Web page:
raccoons were common before Europeans arrived in the 1500's - and are still common today
When Europeans reached the Chesapeake Bay in the 1500's, they encountered Native Americans who had domesticated one animal. Dogs had migrated with the Paleo-Indians into North America. Wolves had been domesticated in Asia and perhaps the Middle East, perhaps in two separate places initially, about 15,000 years ago.
It is possible that first people to reach the Atlantic Ocean 20,000 years ago, when sea level was 400' lower and before the Chesapeake Bay had formed, arrived without dogs as companions, hunting assistants, and food. Later migrants from Asia, moving across the Bering Land Bridge, may have brought domesticated dogs later.
Archeologists have excavated remaints of 117 dogs at Weyanoke Old Town near modern Hopewell. The site is the largest collection of indigenous dogs found to date in North America. Analysis of DNA from an indigenous dog skeleton at Jamestown reveals it was related to the population upstream near the Appomattox River.
The English colonists who arrived in 1607 also used indigenous dogs as a food source. Almost all modern dogs are genetically descended from the animals brought by colonists; the indigenous dogs disappeared from the landscape. To the English, the Native American dogs resembled foxes. In 1612 William Strachey dcumented one distinctive characteristic - the dogs were "barkless":1
many images of Pocahontas are fanciful - but it is realistic to picture dogs with Native Americans when Jamestown was founded in 1607
Source: Elmer Boyd Smith, The Story of Pocahontas and Captain John Smith (1906)
John Smith wrote fascinating reports of the plant and animal life he found in the New World in the early 1600's, and the "time of discovery" extended into the 1700's as Europeans gradually reached the Appalachian plateau in far southwestern Virginia. Speculation was slowly replaced by observation.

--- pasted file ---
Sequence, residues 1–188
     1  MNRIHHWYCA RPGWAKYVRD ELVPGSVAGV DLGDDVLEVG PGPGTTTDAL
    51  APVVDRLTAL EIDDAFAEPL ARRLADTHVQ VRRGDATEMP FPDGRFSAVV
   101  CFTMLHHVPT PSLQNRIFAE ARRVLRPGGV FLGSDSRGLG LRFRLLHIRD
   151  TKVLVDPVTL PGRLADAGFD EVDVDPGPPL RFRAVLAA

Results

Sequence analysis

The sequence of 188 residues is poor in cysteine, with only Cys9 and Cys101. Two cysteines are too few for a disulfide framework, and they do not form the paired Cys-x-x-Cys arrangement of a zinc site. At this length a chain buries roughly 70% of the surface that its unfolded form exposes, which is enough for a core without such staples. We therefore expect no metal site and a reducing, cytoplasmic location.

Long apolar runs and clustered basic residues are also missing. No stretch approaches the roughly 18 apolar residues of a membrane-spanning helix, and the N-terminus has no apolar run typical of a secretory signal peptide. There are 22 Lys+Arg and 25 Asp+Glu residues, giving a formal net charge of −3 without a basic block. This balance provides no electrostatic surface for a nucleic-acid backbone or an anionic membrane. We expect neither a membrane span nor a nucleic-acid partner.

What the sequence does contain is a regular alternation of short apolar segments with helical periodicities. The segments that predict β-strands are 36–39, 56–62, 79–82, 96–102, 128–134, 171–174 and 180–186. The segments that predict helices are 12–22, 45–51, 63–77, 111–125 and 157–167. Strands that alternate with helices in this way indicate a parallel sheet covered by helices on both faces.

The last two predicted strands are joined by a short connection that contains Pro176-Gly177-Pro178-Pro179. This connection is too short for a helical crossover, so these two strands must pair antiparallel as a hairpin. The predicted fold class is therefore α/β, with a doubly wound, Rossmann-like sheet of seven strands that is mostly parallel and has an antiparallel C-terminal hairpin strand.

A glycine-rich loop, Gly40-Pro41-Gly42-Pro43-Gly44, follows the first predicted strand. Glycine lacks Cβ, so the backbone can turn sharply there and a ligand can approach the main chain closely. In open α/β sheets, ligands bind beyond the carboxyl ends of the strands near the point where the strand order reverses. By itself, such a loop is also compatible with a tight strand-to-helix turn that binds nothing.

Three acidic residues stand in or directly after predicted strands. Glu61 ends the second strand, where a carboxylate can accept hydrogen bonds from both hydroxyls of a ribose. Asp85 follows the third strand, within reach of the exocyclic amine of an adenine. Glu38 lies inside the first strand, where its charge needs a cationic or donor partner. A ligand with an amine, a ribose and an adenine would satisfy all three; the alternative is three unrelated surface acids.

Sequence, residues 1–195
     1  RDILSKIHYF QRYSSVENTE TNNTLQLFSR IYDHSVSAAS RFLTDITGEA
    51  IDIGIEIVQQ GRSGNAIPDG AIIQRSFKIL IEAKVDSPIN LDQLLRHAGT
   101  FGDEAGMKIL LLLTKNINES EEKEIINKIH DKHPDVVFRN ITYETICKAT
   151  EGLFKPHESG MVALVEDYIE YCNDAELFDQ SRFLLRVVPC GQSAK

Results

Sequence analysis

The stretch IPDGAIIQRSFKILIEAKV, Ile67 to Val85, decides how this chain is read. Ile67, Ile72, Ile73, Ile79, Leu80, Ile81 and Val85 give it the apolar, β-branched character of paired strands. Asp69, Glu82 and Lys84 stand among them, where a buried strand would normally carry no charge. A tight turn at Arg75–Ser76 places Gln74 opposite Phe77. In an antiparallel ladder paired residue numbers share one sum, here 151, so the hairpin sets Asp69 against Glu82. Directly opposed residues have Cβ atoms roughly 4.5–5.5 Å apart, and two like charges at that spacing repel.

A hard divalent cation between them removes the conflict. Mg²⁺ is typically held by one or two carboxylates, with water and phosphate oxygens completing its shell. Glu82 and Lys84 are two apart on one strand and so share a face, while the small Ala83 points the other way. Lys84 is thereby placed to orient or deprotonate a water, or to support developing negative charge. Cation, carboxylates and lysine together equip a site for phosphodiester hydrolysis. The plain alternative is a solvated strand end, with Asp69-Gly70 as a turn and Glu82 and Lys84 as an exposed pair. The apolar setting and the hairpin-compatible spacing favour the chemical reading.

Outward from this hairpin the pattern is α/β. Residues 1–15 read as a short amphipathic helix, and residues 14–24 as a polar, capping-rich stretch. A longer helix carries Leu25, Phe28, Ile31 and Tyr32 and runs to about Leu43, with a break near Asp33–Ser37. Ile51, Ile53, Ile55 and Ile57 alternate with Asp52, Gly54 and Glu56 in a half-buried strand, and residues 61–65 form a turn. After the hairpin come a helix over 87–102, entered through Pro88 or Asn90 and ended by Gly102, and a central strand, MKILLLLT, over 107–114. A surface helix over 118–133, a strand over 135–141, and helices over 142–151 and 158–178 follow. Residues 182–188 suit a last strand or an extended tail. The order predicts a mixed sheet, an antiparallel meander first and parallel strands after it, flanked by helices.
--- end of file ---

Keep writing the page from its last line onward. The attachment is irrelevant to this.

John Lederer described seeing a mountain lion killing a deer, in his journal of a 1669 trip up the Pamunkey River to the Blue Ridge:2
State biologists have not documented any mountain lions that may still remain in Virginia, despite regular reports of sightings. The only wildcats today are the much smaller bobcat and the large number of feral pets abandoned by their owners.
Deer are more common today than when the Europeans first reached Virginia, because the habitats have been so heavily altered by farming and then housing development.
One species that was most obvious to the early discoverers was the passenger pigeon. These are now extinct, eliminated not only from Virginia but from the face of the earth. The last one to die, named Martha, has been stuffed and can be seen in a zoo.
modern coyote footprint on Manassas Battlefield National Park (raised pad in middle is uncommon for domestic dogs that walk on hard surfaces)
John James Audubon painted an indigenous dog found on Great Plains, living near teepees rather than the yi-hakins in Virginia
Source: Wikipedia, Hare Indian Dog
in 1670, Augustine Herrman speculated that there were "Tygers, Bears and other Devouringe Creatures" south of the James River
Source: John Carter Brown Library, Virginia and Maryland As it is planted and Inhabited this present Year 1670 (by Augustine Herrman, 1670)